He’d been gone months,

swimming with dolphins and kissing English girls.


On his return they nailed a sign between the branches of the fir tree in the front garden-

In red paint it said ‘Welcome Home Son!’

and despite a tightness somewhere behind the front of his neck

his eyes were full of gladness


On the night of The Question

(it was summer in Ponsonby and the day’s end seemed so bright, so elusive)

he wound the longest-found string of fairy lights around the largest tree trunk in the front garden,

setting the scene with a red tablecloth and mussels just like they ate in Barcelona that night in June three years before-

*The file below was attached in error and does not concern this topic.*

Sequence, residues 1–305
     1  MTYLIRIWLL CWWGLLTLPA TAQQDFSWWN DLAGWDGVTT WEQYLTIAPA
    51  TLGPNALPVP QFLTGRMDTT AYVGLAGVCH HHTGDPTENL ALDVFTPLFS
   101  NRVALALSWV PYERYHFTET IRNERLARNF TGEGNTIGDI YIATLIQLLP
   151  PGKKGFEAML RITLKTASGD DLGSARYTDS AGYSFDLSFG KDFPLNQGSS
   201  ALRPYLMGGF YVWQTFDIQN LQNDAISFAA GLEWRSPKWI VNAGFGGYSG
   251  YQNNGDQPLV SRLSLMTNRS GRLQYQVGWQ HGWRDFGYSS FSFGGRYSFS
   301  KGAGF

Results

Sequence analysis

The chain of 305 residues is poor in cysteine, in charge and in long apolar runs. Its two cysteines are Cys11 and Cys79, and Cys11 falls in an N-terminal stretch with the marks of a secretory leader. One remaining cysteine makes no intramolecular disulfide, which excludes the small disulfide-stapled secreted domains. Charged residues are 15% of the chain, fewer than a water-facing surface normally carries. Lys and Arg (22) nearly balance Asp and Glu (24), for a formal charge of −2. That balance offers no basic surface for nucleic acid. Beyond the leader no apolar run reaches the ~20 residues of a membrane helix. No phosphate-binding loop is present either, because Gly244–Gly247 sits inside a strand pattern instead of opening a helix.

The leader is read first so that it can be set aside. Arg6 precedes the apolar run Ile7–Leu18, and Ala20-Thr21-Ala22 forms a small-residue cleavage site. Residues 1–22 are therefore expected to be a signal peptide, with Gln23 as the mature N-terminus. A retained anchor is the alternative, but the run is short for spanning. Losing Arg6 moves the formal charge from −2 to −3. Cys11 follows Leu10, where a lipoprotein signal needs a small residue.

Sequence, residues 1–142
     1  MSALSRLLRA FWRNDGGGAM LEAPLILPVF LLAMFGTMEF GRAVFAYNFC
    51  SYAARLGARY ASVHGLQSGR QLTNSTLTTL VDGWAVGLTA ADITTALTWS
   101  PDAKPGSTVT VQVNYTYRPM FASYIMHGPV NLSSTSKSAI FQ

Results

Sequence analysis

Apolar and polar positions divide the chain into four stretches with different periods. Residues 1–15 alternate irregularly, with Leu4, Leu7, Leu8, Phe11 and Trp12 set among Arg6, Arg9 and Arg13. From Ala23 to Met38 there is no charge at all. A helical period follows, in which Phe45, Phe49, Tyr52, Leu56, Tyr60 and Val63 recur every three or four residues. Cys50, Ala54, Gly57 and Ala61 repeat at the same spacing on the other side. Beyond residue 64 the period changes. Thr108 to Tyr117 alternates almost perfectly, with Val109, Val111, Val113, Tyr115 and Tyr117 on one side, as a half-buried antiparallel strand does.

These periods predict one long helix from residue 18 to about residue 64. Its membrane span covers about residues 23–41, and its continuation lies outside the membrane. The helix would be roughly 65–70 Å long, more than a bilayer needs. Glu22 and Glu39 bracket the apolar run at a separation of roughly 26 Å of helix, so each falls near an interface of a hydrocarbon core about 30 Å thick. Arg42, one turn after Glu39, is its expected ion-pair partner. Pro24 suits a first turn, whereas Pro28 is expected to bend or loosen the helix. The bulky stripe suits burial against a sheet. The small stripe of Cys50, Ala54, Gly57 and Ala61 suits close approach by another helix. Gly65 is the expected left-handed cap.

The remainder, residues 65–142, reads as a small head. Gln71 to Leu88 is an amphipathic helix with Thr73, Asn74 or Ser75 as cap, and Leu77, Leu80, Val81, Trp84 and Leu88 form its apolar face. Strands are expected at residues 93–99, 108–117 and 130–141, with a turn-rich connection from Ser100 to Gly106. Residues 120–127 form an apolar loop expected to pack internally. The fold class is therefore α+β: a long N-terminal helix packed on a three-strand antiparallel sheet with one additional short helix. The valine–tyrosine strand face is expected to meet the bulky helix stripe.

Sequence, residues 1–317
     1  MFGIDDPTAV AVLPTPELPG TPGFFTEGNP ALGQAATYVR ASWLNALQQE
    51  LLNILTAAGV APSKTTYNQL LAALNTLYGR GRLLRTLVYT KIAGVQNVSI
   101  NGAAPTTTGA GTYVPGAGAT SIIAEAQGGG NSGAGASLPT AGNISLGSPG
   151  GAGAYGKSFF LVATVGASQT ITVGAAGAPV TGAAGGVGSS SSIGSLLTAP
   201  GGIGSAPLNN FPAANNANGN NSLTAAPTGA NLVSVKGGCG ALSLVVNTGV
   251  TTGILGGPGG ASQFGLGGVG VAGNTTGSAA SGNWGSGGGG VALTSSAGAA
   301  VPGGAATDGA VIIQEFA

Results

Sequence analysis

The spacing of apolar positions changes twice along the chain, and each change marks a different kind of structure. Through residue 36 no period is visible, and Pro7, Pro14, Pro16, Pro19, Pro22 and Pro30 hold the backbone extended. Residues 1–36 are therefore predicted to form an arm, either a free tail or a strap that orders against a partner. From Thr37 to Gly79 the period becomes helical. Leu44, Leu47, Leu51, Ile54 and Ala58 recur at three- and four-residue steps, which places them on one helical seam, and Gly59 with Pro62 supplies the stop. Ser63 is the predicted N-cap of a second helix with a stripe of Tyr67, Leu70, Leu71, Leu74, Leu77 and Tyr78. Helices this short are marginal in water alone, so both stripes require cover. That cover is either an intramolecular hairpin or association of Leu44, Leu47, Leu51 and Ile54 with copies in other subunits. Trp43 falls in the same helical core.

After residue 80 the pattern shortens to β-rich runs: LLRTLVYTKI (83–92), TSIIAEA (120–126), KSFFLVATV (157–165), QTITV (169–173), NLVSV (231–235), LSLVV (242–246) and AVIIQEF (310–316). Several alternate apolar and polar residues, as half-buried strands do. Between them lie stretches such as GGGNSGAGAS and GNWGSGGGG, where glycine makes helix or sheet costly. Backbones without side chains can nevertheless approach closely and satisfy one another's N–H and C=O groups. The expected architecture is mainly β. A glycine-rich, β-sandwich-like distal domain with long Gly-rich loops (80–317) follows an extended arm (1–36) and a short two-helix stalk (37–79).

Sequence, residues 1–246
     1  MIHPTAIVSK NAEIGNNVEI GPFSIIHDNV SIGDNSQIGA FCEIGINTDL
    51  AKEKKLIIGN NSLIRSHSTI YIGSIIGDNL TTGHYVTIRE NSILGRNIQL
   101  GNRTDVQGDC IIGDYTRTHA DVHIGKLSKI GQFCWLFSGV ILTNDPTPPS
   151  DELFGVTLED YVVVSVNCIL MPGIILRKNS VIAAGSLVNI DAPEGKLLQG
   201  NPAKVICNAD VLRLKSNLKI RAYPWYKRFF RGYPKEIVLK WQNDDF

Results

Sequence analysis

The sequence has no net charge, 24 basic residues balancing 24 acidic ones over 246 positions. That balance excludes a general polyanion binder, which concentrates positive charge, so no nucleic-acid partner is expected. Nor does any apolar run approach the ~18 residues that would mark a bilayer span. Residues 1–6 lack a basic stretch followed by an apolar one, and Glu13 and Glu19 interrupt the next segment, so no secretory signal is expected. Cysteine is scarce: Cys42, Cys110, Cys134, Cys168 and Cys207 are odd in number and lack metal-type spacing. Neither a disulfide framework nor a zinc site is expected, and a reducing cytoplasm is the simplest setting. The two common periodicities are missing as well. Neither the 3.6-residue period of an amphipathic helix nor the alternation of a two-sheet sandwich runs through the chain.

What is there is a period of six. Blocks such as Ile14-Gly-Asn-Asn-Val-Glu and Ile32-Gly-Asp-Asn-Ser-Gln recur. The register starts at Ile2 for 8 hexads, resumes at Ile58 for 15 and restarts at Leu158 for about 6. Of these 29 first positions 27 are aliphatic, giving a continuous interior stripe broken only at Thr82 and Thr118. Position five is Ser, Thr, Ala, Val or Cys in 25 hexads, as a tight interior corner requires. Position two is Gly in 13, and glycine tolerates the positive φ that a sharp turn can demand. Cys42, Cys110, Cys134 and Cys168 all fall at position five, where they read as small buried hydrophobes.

She laughed ‘yes, you div’ and a shiver

of destined possibility snaked through him


When the youngest turned five they moved to a quieter town.

This front garden’s tree was unknown, and he searched in vain for his grandfather’s book to name it.


With the time he saved on his daily commute

he hewed a swing seat to fly each child in turn, squeals pealing through those small-town streets


While the branch whispered with a creak of timbery satisfaction,

like it was happy to have served its purpose



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